Psychologists quit NUT

1st November 1996 at 00:00
Britain's biggest teachers' union is set to lose more than 2,000 members at a stroke after education psychologists voted to cut their historic affiliation to the National Union of Teachers and become an independent trade union.

The decision, taken at the annual general meeting of the Association of Educational Psychologists in Scarborough last Saturday, will be highly embarrassing for the NUT, which prides itself on holding the loyalty of the more idealistic, "caring" members of the profession, in contrast to the National Association of Schoolmasters Union of Women Teachers, which traditionally campaigns on a narrower, pay-and-conditions platform.

The psychologists have been affiliated members of the NUT since the AEP's inception in 1962. On Saturday they voted by a comfortable majority to give the NUT notice of its decision to sever that connection. The AEP national executive is confident that the full membership will support the divorce - ballot papers will be sent out in two weeks and the AEP would then give the NUT a year's notice. The AEP could reverse the decision at the next AGM if members feel that the executive has not organised suitable alternatives to the services currently provided by the NUT (such as legal support).

The loss of the educational psychologists will narrow the membership gap between the NUT, which currently claims 192,009, and the NASUWT, which claims 157,146, and will heighten the rivalry between the two unions at a time when the NASUWT is attracting massive publicity through its implacable stance on discipline and exclusion following the rows over Manton Junior School in Worksop, Nottinghamshire, The Ridings in West Yorkshire and other cases.

The root of the psychologists' dissatisfaction is their belief that the NUT is failing to support their pay demands on the Soulbury Committee, which negotiates pay for educational psychologists, youth workers, and local authority advisory and inspection staff.

The NUT holds the bulk of the voting rights on the committee by virtue of its psychologist members - the AEP's decision is likely to increase the psychologists' influence on the committee at the expense of the NUT. The NUT, said one delegate, has consistently cast its votes in favour of the other members of Soulbury. Educational psychologists currently earn between Pounds 20,691 for a beginner and Pounds 30,567 for a principal EP.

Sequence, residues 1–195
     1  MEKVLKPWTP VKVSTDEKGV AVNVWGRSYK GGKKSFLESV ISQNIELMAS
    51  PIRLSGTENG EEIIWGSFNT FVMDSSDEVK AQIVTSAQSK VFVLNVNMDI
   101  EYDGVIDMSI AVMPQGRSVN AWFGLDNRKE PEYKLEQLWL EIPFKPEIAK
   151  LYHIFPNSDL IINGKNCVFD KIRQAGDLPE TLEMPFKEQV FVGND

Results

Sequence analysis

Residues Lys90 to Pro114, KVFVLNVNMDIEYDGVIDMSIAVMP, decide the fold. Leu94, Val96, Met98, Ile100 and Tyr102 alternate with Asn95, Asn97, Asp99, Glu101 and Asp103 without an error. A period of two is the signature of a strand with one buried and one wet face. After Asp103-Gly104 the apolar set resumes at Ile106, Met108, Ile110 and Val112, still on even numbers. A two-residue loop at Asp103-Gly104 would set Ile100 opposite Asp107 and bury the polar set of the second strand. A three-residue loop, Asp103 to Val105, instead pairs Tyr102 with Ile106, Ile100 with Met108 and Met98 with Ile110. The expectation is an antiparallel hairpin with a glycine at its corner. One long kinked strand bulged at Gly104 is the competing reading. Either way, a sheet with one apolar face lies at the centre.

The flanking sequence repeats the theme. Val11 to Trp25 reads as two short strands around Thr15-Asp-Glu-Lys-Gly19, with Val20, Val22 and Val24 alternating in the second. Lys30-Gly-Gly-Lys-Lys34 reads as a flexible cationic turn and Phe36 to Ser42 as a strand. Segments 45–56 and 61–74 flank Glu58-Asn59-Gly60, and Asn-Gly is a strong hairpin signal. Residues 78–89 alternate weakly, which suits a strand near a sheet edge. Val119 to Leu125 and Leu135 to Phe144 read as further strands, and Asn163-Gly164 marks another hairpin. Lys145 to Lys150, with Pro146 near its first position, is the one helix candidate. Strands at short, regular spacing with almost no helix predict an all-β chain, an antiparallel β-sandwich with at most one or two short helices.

Steve Synod, who leads negotiations on the Soulbury committee for the NUT, said that the NUT was very disappointed by the decision but aware that it would take 12 months to implement. "We will be trying to persuade them to stay, " he said. He added that he had asked to address the conference but had not been invited, which he considered "astonishing". "Despite what they say, we have never voted against the AEP - we vote on the merits of a particular issue. "

The AEP has also been advised that it could arrange legal advice for a fraction of the Pounds 64,000 a year it is currently paying the NUT - between Pounds 5,000 and Pounds 10,000 has been suggested.

"The NUT is ripping us off right, left and centre - it's nothing but a millstone round our neck," said one disgusted delegate, who preferred to remain anonymous.

But Jeanne Currie, a past president and founder member of the AEP, preferred to see the development as a coming of age. "The AEP was a tiny group 35 years ago, with no experience of union affairs. We were babes in arms who needed nannying. But we have grown in size and experience and inevitably need to assert our own identity. We shouldn't be hanging on to anyone's coat-tails. "

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